In this work we estimate the amount of energy required to produce the food consumed in the United States in 2002 and 2007. Data from government sources and the scientific literature were used to calculate the energy intensity of food production from agriculture, transportation, manufacturing, food sales, storage and preparation. Most data were from 2002; consequently we scaled all data from other years to 2002 by using ratios of total energy consumption in 2002 to total energy consumption in the year data were reported. We concluded that food production required at least 7,880±733 trillion BTU in 2002 and 8,080±752 trillion BTU of energy in 2007, over a third of which came from food handling in homes, restaurants and grocery stores. The energy used to produce food represents approximately 8% of energy consumption. Our estimate is for the energy required to produce the food consumed in the United States and takes into account food imports and exports. To account for net food exports in the agriculture sector we calculated values for the energy intensity of ten food categories and then used the mass of domestic food consumption in each category to calculate the energy embedded in the food consumed in the United States. The amount of energy required to produce the food consumed in the United States has policy implications because it is a substantial fraction of total energy consumption and is responsible for a commensurate amount of greenhouse gas emissions. There are many opportunities for decreasing the energy intensity of food production at all steps of the food system. Education of the public and policy measures that promote energy efficiency in the food sector have the potential for decreasing food waste and the energy intensity of the food system.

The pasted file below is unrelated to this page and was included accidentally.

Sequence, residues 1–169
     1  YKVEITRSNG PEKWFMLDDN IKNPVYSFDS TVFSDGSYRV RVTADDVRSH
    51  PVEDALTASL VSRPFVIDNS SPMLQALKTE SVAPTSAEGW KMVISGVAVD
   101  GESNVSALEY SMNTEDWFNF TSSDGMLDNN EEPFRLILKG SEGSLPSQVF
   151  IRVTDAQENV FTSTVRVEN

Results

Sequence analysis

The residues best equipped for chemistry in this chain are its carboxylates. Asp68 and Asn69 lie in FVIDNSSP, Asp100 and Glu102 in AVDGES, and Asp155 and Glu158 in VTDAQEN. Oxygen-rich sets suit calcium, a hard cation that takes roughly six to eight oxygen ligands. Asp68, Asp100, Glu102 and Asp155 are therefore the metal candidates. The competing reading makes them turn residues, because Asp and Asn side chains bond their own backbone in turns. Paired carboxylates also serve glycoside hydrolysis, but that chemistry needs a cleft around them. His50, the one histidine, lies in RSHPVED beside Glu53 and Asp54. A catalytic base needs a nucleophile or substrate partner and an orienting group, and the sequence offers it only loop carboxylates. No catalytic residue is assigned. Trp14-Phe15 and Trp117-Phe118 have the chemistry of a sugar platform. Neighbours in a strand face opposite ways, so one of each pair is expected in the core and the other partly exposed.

- Advanced Energy Systems Division and Solar Energy Division
An Updated Estimate for Energy Use in U.S. Food Production and Policy Implications
Cuellar, AD, & Webber, ME. "An Updated Estimate for Energy Use in U.S. Food Production and Policy Implications." Proceedings of the ASME 2010 4th International Conference on Energy Sustainability. ASME 2010 4th International Conference on Energy Sustainability, Volume 1. Phoenix, Arizona, USA. May 17–22, 2010. pp. 35-44. ASME. https://doi.org/10.1115/ES2010-90179
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